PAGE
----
NFL Draft: Quarterbacks and Opportunity Cost

Use your ← → (arrows) to browse


Apr 25, 2013; New York, NY, USA; NFL commissioner Roger Goodell introduces defensive end Barkevious Mingo (LSU) as the sixth overall pick of the 2013 NFL Draft by the Cleveland Browns at Radio City Music Hall. Mandatory Credit: Brad Penner-USA TODAY Sports

The NFL Draft creeps ever closer with the Thursday and Friday night prime-time events readying to change the fortunes of NFL Franchises and college hopefuls alike. The Cleveland Browns have 3 of the top 35 picks and 5 in the first 100 selections. Needless to say this draft, Ray Farmer’s first in the big chair, could change the direction of the team, or continue the years of misery.

For Browns fans Mock Drafts, like our 7 Rounder, give us ideas, hopes, dreams and sometimes something to pray the team avoids. Most Mock Drafts seem relatively certain that the team will select a QB early, within the first 3 picks. Selecting a QB, or any player for that matter, adds that talent to the team but also represents opportunity cost.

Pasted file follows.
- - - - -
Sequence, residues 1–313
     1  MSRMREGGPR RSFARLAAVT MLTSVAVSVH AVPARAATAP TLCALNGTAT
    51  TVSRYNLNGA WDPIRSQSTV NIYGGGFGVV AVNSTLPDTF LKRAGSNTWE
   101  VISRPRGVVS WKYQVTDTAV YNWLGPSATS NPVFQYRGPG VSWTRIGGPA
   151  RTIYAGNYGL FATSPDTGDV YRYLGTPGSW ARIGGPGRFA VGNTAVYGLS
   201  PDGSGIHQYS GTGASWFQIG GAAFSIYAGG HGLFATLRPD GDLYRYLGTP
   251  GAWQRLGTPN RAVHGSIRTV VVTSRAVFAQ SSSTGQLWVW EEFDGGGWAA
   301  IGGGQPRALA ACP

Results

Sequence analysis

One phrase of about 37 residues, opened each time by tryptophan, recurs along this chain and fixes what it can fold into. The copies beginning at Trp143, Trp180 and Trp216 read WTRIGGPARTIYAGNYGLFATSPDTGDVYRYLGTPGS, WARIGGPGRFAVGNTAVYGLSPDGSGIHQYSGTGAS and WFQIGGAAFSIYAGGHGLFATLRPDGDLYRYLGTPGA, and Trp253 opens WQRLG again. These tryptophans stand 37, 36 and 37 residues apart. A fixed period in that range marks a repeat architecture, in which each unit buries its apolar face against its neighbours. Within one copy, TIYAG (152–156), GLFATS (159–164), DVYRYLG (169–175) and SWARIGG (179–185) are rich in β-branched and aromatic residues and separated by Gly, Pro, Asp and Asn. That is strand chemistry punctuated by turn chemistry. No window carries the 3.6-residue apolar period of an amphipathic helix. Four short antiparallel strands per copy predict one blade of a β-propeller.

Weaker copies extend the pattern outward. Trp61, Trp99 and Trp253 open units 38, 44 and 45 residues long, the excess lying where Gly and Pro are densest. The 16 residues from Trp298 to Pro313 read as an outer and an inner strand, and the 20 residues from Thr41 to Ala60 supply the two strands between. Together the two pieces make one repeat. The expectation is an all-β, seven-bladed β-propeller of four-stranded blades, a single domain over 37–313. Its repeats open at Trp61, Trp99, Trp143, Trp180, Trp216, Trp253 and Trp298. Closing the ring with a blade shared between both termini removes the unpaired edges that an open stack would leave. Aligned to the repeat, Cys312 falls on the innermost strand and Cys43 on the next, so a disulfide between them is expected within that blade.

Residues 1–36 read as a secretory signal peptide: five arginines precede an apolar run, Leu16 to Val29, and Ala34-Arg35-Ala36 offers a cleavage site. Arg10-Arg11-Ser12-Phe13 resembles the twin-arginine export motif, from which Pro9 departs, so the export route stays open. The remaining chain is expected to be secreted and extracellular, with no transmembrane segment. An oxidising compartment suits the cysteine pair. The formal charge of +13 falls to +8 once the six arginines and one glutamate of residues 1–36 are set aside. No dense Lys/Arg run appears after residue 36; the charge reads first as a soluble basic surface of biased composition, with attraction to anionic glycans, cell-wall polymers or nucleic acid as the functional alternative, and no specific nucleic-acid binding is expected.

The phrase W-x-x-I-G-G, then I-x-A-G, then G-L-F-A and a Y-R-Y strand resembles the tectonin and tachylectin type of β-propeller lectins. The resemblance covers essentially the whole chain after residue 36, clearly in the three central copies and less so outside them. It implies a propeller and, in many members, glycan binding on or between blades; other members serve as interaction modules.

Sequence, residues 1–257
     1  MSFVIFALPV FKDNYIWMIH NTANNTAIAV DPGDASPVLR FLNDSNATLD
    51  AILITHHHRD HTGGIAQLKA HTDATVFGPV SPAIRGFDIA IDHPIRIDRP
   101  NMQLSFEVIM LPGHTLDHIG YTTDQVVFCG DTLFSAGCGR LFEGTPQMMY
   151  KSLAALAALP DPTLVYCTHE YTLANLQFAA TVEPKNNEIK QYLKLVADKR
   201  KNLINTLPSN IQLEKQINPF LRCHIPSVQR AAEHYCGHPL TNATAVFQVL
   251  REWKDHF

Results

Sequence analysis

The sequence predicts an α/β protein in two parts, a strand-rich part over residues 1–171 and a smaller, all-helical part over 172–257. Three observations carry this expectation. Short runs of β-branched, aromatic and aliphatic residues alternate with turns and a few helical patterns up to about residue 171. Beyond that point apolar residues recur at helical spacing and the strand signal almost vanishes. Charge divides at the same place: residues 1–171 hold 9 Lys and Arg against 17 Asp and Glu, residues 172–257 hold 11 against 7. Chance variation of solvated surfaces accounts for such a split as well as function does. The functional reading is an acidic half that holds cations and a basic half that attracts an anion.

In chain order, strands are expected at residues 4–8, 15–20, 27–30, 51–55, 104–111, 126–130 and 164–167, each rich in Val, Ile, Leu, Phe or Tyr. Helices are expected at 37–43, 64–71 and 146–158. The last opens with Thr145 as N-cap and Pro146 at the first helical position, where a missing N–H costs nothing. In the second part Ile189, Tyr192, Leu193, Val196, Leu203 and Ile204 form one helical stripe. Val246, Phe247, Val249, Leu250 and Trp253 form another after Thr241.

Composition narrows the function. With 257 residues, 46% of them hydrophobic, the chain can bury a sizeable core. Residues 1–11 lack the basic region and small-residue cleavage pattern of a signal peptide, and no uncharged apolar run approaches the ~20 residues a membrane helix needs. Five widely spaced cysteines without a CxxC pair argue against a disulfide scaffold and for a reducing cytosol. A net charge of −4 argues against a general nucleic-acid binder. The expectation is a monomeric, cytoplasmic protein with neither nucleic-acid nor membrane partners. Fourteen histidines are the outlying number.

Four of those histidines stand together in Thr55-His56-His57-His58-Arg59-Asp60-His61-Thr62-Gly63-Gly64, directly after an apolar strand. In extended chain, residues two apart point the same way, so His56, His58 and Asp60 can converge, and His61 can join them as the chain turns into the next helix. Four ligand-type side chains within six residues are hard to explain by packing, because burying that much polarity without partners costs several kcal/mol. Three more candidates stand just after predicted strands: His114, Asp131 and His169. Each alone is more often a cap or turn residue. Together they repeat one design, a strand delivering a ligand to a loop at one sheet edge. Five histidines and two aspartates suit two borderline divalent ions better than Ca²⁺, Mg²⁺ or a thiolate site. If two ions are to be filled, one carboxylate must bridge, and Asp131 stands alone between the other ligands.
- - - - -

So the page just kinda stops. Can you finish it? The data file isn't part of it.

Opportunity cost is what you lose, or don’t have the opportunity to do, when you make a decision. By deciding to write this article my opportunity cost is more time sleeping. When you take a job offer your opportunity cost is other possible jobs that you could of found if you kept looking.

Opportunity cost is what we will look at for the Browns with their first 3 picks. We will assume the Browns drafting a QB with one of those picks a WR with another and a defender with the other. Those are obviously not guaranteed selections but the limiting helps with the opportunity cost discussion. We will start with QB at #4 on the next page:

Use your ← → (arrows) to browse

comments powered by Disqus